Email is another quick method of claim reporting. Simply fill out the Louisiana Workforce Commission’s Office of Workers’ Compensation’s First Report of Injury or Illness form (LWC-WC IA-1) and email the report to email@example.com. An LWCC claims service professional will then call you within 24 hours to discuss the injury. NOTE: If you are sending attachments with the form, include the injured employee’s name and your policy number for identification purposes.
- By Fax (225-231-0951)
If you prefer to fill out the Louisiana Workforce Commission’s Office of Workers’ Compensation’s First Report of Injury or Illness form (LWC-WC-IA-1), you may fax the report to LWCC. You may no longer submit this form to the Office of Workers’ Compensation. An LWCC claims service professional will then call you within 24 hours to discuss the injury. NOTE: If you are sending attachments with the form, please include the injured employee’s name and your policy number for identification purposes.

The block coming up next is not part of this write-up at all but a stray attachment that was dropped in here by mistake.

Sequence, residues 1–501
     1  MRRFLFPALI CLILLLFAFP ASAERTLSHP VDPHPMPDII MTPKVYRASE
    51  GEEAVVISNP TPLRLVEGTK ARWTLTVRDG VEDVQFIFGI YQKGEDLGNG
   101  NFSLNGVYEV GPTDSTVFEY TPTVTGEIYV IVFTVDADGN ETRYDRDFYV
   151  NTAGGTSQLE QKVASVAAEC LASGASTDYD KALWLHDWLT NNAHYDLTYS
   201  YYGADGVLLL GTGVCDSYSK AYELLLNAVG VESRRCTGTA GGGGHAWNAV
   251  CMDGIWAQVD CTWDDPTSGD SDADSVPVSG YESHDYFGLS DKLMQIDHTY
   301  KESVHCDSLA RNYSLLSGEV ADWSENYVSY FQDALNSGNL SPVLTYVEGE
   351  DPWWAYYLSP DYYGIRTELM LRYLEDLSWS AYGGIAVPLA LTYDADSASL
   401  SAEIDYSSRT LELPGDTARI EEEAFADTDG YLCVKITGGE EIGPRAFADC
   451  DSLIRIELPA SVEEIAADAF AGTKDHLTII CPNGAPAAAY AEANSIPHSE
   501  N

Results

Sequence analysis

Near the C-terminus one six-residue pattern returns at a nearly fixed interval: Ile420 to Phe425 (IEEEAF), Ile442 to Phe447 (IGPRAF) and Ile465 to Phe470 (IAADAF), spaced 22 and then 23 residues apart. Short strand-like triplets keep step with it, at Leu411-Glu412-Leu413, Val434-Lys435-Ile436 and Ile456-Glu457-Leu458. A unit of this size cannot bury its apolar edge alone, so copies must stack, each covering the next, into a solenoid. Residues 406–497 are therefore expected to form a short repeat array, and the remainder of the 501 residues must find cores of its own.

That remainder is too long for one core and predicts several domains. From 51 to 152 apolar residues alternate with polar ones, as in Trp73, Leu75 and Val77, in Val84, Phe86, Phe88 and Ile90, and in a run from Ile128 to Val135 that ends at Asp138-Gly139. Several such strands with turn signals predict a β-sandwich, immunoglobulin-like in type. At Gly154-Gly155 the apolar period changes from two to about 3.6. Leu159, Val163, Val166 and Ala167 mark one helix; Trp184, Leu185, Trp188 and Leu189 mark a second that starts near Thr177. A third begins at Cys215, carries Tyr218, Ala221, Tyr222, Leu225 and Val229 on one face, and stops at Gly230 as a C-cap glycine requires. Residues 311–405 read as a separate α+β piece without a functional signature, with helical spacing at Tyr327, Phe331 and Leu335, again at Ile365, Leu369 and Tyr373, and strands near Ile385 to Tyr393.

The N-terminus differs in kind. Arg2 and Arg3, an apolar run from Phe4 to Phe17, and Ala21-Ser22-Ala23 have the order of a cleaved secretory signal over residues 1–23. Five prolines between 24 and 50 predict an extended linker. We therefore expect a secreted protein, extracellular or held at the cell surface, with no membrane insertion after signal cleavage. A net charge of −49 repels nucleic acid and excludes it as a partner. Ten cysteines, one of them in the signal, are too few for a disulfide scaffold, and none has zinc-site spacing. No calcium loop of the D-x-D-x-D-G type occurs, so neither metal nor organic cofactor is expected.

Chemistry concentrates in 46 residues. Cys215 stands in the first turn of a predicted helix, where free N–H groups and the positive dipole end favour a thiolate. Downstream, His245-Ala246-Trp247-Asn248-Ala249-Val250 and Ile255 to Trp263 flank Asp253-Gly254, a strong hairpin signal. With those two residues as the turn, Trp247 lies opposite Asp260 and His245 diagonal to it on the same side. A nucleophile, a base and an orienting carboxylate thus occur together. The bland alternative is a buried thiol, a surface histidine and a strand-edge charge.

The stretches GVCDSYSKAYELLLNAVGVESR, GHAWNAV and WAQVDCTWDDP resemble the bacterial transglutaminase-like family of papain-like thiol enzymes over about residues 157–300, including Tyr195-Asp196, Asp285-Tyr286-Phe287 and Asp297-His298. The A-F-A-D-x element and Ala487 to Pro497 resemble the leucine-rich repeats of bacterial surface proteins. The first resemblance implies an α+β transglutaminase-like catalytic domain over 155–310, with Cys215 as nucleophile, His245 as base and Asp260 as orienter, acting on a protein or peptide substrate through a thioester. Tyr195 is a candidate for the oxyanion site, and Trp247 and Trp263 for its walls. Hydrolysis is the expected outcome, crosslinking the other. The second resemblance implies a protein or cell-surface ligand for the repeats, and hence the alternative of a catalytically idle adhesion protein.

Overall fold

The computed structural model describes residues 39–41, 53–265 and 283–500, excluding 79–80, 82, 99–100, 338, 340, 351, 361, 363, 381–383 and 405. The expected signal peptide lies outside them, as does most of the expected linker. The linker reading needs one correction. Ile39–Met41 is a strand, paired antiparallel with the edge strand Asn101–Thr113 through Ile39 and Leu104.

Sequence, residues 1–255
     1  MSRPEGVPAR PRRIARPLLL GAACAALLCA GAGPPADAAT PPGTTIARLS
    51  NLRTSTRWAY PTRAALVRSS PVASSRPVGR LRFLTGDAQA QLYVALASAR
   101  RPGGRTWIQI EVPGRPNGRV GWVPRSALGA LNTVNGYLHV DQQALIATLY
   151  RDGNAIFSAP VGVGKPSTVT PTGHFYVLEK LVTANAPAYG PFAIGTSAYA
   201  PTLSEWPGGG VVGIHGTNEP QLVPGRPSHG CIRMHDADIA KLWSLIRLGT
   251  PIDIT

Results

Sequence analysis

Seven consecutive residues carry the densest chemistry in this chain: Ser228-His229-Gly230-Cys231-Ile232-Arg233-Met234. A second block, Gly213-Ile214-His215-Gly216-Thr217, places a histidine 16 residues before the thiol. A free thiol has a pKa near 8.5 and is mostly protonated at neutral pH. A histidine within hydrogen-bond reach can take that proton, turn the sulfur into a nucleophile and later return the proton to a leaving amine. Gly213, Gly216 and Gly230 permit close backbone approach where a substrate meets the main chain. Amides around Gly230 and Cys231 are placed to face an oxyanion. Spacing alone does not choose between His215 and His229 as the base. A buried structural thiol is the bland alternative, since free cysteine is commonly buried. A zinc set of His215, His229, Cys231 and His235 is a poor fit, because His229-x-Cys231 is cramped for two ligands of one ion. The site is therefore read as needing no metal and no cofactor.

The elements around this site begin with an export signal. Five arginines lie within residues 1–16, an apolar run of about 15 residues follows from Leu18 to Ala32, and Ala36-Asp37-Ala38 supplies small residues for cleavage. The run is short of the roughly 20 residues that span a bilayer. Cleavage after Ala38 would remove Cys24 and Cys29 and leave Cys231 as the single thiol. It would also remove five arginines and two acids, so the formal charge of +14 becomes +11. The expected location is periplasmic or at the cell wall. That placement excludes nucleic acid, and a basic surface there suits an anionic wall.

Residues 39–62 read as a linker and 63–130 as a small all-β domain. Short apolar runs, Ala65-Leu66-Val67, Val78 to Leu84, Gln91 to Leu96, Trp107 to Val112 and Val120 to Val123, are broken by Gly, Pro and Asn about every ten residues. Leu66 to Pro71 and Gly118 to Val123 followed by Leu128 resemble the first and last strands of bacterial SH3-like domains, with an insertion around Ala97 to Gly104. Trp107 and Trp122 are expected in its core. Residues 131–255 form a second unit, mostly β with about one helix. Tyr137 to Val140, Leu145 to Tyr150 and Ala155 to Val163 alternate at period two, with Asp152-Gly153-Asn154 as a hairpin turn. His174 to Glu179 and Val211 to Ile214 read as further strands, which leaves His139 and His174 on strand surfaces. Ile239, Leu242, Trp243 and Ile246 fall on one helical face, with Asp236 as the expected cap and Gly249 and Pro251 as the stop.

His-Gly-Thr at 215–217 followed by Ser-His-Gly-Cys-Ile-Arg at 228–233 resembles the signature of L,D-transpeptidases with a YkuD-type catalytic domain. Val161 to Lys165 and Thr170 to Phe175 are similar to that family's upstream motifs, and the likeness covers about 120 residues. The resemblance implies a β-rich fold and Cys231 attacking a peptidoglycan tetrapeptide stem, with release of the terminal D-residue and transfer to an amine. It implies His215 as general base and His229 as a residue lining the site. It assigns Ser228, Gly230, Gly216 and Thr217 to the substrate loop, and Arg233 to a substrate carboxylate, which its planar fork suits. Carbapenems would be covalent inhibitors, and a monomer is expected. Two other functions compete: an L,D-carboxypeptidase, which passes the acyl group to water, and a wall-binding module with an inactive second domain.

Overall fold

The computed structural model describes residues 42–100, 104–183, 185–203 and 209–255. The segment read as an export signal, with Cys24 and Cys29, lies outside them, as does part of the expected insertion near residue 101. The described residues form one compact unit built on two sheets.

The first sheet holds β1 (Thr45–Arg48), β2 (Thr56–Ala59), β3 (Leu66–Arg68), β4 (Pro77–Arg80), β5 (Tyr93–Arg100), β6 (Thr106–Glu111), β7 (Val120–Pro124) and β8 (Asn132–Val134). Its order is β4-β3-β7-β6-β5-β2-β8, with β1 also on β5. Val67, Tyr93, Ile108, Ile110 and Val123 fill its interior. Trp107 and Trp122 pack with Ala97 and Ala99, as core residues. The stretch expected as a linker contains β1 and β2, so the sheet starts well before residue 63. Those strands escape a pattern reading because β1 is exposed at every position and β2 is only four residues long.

* To sign up for LWCC Interactive, download the registration form here.
Reporting Purposes Only (RPO) Claims
When you report minor injuries that don’t involve medical expenses or lost time, your premium will not be adversely affected. However, if the injury grows more serious than anticipated, LWCC has the necessary information to begin handling the claim. That is why it is important to report even minor injuries that do not require professional medical intervention.